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Breaking News:

Super-storms require new thinking


Published: Sep 13, 2017

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The Bahamas has been hit by major hurricanes over three consecutive years. Joaquin ravaged the south; Matthew, the northwest, and Irma, portions of the south, again. There has been hundreds of millions of dollars’ worth of damage to homes, businesses and infrastructure.

Climate change has made the seas hotter, fueling the intensity of tropical cyclones. Irma reached Category 5 strength. Its maximum sustained winds peaked at 185 miles per hour and remained there for a record 37 consecutive hours. It directly hit the small community of Ragged Island, rendering it uninhabitable.

The Bahamas appears more at risk during this time period. We must plan differently to meet the threat. Ad hoc responses are insufficient.

We must get serious about zoning laws and the enforcement of those laws across the commonwealth. For years we have filled in wetlands and built there. They are the natural places where water flows. There is a constant flood risk to people living in these areas.

Bahamians build in other unwise places. This is especially a problem in the Family Islands, where sand is some people’s backyards.

Being this close to the sea is dangerous when storm surge comes in. We need to enforce the zoning laws we have and add restrictions where necessary in order to prevent people from building in dangerous areas. Life and property are at risk in flood zones.

There is also the need to consider the construction of large multi-purpose regional shelters capable of withstanding winds in excess of 200 miles per hour. We cannot evacuate everyone from every island to New Providence in every storm. That is logistically impossible. People who live in homes unsuitable for major hurricanes need to be able to shelter on their islands or on a nearby island.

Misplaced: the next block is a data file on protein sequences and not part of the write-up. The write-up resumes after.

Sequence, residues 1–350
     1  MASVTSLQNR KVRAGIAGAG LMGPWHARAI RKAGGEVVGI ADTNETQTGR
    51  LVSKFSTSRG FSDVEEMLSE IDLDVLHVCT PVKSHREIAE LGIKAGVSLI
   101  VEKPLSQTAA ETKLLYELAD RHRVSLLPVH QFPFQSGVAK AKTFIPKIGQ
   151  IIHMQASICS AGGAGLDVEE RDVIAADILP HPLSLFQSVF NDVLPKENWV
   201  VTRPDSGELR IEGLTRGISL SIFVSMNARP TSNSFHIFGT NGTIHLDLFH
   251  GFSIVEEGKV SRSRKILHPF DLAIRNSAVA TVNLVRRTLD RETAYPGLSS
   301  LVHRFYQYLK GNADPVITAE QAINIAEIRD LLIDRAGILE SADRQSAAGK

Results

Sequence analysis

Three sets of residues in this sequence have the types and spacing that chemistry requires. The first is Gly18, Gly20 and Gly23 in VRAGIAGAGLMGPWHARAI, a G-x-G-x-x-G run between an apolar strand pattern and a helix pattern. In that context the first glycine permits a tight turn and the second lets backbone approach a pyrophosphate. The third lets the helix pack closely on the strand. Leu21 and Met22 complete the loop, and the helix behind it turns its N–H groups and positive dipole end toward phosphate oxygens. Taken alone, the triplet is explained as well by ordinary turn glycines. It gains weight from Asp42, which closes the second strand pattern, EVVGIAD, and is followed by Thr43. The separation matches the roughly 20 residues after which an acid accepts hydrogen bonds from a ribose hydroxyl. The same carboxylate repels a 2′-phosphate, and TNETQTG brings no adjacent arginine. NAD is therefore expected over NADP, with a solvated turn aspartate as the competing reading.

Building such shelters on high ground in the north, central and southern Bahamas would allow residents from these areas to go to places of safety closer to their homes. These shelters could be used as community centers otherwise.

We have traditionally designated schools and churches as shelters. Quite a few of these structures are incapable of withstanding Category 5 storms, however. Some, in fact, should not be designated shelters at all.

On the response side to storms, there is much to do too. The United States currently has to recover from Hurricanes Harvey and Irma. The Irma effort involves the mainland and territories, including the U.S. Virgin Islands and Puerto Rico. The British, French and Dutch have Caribbean colonies devastated by the storm. Dutch King Willem-Alexander and French President Emmanuel Macron have visited the area.

The Europeans have been criticized for tardy and insufficient responses and poor preparation. They have bolstered their military, police and financial aid.

The Bahamas has traditionally relied on U.S. air assets after storms. This is especially true regarding helicopter transportation. A British Navy ship was critical in delivering aid to the south after Joaquin.

What this storm has demonstrated is that the rich countries may be so bogged down trying to save themselves and their territories that we must be prepared to address our problems. We, as a nation, still own no helicopters. The government had to beg the public to assist with large vehicles in order to rescue people on New Providence during Matthew. It did not own amphibious vehicles.

As an independent country, we must still find the resources to purchase the assets needed to mount rescue efforts across our islands. We should not expect other countries to help.

Irma’s impact on St. Martin – the Dutch/French colony – was calamitous. Order broke down. There was looting and violence. Are we prepared if this were to happen in The Bahamas? Are there protocols for when a state of emergency should be declared? Who would man the streets? Police or the defense force? Do the officers know the use of force guidelines in a state of emergency when order has broken down?

There is much to think about as a result of our experience the past three years. A national discussion is needed, so that when “the big one” hits, we are as prepared as possible.

Preparation is what saves lives. Let’s be ready for the worst we could face.

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